Of course, it doesn’t help that most national Muslim organizations such as MPAC (Muslim Public Affairs Council) and ISNA (Islamic Society of North America) have mastered the art of the genuflecting. Their only significant role these days is to offer a speedy apology whenever the sledgehammer of terrorism lands on a particular Muslim.

But who doesn’t get to apologize in contemporary society? BP hasn’t apologized, nor has it been penalized for killing the Gulf of Mexico. Wall Street has not apologized for sinking the US economy and the livelihoods of millions. Telecom companies have not apologized for the deals that inaugurate the slow death of free content on the web. The US military hasn’t yet apologized for the extra-judicial procedures of Guantanamo Bay and its ghostly replicas across the world. There has been no apology for the social and cultural erasure of Iraq and Afghan-istan under occupation, for rendition, or the criminalization of illegal immigrants escaping from NAFTA-influenced “third worldization” of their countries. Zilch on the surveillance apparatuses that dissolve legal freedoms in the United States. Nor do development mavens and corporate raiders apologize for policies that engineer the awesome outward flow of resources from vulnerable nations.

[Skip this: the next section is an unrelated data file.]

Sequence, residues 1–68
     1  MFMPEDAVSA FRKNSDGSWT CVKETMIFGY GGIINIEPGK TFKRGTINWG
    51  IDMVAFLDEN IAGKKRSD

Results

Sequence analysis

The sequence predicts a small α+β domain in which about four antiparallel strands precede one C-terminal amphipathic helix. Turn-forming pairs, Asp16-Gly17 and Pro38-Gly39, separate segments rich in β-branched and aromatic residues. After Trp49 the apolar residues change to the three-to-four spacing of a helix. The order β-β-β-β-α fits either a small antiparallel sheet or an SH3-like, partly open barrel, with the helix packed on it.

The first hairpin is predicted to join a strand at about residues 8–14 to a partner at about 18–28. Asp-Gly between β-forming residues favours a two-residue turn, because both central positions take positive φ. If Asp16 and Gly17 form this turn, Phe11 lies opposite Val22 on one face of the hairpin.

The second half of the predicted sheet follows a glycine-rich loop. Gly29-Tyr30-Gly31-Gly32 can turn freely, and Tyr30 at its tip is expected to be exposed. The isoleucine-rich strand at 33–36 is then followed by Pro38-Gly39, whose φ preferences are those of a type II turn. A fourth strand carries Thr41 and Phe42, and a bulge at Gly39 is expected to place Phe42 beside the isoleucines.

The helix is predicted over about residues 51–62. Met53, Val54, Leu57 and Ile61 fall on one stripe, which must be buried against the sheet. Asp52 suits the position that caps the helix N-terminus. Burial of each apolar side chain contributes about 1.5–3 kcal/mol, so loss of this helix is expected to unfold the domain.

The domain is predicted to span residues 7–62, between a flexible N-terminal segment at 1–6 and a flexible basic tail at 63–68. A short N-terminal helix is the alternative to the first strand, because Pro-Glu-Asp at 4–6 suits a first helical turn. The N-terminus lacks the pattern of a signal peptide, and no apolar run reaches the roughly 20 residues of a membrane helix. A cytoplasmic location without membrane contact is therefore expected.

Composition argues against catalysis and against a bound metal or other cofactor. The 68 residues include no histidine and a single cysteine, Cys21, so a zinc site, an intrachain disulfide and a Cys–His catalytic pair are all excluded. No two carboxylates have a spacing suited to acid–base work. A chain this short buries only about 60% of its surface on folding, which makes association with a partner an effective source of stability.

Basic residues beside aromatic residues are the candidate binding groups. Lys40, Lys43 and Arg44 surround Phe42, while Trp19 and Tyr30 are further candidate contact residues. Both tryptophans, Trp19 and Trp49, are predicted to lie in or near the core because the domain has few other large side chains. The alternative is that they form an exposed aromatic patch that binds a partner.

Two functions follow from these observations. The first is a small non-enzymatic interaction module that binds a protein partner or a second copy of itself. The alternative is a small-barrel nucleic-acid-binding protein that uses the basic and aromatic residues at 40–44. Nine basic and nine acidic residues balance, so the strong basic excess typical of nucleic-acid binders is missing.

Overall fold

With all its crimes against humanity, the US industry-military complex manages to reclaim the pink glow of innocence. The doctored slogan of “security” is the wheatgrass that delivers the needed cultural immunity time and time again.

Scape-goating is a time honored tradition but it has reached particularly distasteful proportions in post-9/11 culture. “Muslim Americans” have become a visible, precarious demographic that offers an easy target for a maelstrom of confusion, pain, and ignorance. Under the pressures of an evangelizing culture, Americans are channeling anger and frustration from the war-and-profits apparatus that appears too dizzying, too powerful, too abstract and inhuman to a figure that is social and mercifully smaller in scale. A bogeyman after all, is still a man.